While this has been happening, the Australian Prime Minister Scott Morrison has been singularly unresponsive and unhelpful. In April 2019, prior to the Australian Federal election, a group of 22 former fire and emergency services chiefs from multiple states issued a public statement saying that Australia was unprepared for worsening natural disasters from climate change and Federal and State Governments were putting lives at risk. They requested a meeting with the next Government to discuss the increased risks and how to adequately fund and prepare emergency services for them[1]. By November, when the current fire crisis was already well underway, the Government had still not met with the group[2]. Morrison is the man who as Federal Treasurer in 2017 literally brought a lump of coal into Parliament during Question Time and told people how great it was to mine it and burn it[3].

As it was becoming clear just how terrible things would be in the week before Christmas, he took a holiday to Hawaii, which he cut short when it was clear how much public criticism this was attracting. Later, Morrison toured the destroyed town of Cobargo. Not to comfort people or ask what he could do to help. He tried to shake the hand of an exhausted volunteer firefighter, who told the Prime Minister, "I don't really want to shake your hand." Morrison reach for the man's right hand, but the firefighter pulled it away. Morrison then grabbed the man's left hand and gave it a cursory shake, before walking away.

Gosh this is so awkward. Australian PM Scott Morrison goes to try and shake the hand of a firefighter who does not appear keen. (The PM was abused earlier by angry locals) Filmed by @GregNelsonACS @abcnews #AustraliaBurning #NSWbushfires #SouthCoastFires pic.twitter.com/3zjeJp3jWe

— Sophie McNeill (@Sophiemcneill) January 2, 2020

Soon after, Morrison spoke to a local incident controller of the Rural Fire Service: "Tell that fella I’m really sorry, I’m sure he’s just tired." The controller replied, "No no, he lost a house."

Shortly after the non-handshake:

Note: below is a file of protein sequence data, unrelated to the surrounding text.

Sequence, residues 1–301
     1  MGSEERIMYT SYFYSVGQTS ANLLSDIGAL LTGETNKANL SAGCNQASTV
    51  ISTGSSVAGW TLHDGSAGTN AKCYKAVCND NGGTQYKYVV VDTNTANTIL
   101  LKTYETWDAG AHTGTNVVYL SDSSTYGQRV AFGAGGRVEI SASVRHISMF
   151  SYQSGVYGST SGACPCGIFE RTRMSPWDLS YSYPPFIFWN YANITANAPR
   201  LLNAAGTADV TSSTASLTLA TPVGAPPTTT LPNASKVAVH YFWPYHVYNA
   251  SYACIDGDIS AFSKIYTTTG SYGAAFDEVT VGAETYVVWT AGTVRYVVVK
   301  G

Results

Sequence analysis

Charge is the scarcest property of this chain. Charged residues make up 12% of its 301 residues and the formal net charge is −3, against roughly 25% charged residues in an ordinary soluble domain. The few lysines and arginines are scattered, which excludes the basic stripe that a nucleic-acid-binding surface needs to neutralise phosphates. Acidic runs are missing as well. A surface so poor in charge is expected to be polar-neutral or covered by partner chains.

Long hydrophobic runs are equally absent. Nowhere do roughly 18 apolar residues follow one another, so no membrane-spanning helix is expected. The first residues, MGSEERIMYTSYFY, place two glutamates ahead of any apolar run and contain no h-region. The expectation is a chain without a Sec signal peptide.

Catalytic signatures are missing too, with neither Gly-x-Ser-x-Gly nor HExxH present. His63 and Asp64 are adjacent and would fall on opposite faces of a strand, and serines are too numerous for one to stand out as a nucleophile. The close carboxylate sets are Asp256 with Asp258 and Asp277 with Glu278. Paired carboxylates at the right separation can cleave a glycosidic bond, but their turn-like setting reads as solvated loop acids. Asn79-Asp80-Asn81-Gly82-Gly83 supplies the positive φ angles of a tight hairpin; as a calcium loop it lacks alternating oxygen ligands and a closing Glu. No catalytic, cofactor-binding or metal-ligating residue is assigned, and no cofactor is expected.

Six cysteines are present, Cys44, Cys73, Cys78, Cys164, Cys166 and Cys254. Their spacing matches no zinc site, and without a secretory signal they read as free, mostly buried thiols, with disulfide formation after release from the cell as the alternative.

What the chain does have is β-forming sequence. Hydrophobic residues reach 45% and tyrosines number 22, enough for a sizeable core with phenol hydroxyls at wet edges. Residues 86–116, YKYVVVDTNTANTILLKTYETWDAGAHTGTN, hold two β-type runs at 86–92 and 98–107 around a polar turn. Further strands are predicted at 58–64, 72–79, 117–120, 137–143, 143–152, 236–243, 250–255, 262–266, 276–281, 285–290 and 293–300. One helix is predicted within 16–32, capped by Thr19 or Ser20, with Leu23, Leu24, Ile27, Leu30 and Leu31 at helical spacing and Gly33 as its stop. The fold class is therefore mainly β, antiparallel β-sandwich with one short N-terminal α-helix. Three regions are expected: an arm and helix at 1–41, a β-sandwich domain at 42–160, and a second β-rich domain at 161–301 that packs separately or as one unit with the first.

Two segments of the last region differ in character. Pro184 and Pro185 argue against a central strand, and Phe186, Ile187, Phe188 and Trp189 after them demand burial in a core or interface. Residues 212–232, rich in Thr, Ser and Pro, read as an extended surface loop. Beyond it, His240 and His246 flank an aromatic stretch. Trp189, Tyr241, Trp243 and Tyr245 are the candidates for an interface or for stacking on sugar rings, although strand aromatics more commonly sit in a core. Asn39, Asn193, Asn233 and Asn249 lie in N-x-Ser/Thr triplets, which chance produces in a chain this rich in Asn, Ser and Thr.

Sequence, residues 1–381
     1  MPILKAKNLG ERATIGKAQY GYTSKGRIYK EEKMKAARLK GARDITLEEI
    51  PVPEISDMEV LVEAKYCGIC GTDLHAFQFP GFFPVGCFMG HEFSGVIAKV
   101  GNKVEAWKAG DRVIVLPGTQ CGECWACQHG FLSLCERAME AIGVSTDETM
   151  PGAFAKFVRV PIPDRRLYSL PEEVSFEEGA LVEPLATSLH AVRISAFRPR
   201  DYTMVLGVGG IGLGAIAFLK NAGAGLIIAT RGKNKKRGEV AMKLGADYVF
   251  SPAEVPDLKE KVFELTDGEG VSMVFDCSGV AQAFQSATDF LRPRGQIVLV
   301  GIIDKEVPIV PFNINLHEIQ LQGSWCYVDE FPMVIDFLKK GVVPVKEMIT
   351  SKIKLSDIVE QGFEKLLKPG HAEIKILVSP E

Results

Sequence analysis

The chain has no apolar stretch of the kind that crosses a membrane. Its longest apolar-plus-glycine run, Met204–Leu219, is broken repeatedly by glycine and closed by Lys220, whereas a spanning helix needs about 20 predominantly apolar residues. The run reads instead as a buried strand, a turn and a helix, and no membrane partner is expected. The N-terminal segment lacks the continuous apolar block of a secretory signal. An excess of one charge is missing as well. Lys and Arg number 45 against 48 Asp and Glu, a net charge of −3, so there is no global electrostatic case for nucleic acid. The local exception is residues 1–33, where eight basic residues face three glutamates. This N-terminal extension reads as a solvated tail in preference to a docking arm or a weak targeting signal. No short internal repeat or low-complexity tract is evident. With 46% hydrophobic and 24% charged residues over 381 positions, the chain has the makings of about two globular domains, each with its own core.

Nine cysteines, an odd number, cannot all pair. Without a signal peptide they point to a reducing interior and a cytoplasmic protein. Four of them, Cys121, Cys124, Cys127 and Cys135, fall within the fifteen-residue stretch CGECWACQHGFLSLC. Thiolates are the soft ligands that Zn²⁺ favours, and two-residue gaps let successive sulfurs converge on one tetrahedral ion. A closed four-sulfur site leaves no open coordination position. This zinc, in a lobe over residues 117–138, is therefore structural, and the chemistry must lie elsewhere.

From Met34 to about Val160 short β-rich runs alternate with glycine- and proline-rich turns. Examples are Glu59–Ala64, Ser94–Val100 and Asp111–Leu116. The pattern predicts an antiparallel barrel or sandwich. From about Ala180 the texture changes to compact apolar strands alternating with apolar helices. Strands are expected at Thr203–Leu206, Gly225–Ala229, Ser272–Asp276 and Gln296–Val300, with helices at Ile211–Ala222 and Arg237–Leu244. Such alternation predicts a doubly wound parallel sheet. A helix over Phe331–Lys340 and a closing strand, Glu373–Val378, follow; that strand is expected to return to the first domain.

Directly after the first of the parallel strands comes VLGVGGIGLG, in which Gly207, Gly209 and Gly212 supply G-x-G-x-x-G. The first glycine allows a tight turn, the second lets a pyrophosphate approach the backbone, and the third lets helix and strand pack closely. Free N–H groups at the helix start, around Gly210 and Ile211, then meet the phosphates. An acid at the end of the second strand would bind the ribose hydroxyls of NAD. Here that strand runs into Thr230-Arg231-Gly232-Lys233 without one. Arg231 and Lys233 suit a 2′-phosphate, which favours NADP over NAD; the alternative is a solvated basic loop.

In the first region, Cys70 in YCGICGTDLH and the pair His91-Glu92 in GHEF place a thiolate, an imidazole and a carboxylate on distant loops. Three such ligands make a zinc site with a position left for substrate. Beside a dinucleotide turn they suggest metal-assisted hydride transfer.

PM: “Tell that fella I’m really sorry, I’m sure he’s just tired.”
Local incident controller: “No no, he lost a house.”#AustraliaBurning #ausfires #nswfires pic.twitter.com/9PodUTCf9z

— Siobhan Heanue (@siobhanheanue) January 2, 2020

In the same visit, Morrison approached young mother Zoey Salucci-McDermott, 28 weeks pregnant, who had lost her home in the fire. As she was in the process of saying, "I'm only shaking your hand if you give more funding to our RFS [Rural Fire Service]," he reached for and took her hand forcefully - against her will - giving it a brief shake. "So many people have lost their homes ... We need more help," she continued, as the Prime Minister turned his back on her and walked away, letting a minder do the job of shushing the woman.

Now, I'm not a politician, but I think a better option here would have been to: (1) not grab someone's hand - not a firefighter, let alone a young woman - when it's not being offered for a handshake, (2) listen to the people who are hurting, (3) tell them that you're listening, you understand that they're upset, and (4) ask them what they think the Government has done wrong and how it can change to make things better.

I don't tend to be outspoken politically online, but when when things have gotten to the point where this sort of thing is happening, and I personally fear for the life of a relative in a disaster exacerbated, if not caused, by climate change, you can rest assured that I'm not happy about where we are, how we got here, or the role of the Australian Government in making things worse. For people overseas, I'm sorry that our Government is setting such a bad example.

[1] Former fire chiefs warn Australia unprepared for escalating climate threat.

[2] Morrison's government on the bushfires: from attacking climate 'lunatics' to calling in the troops.

[3] Scott Morrison brings coal to question time: what fresh idiocy is this?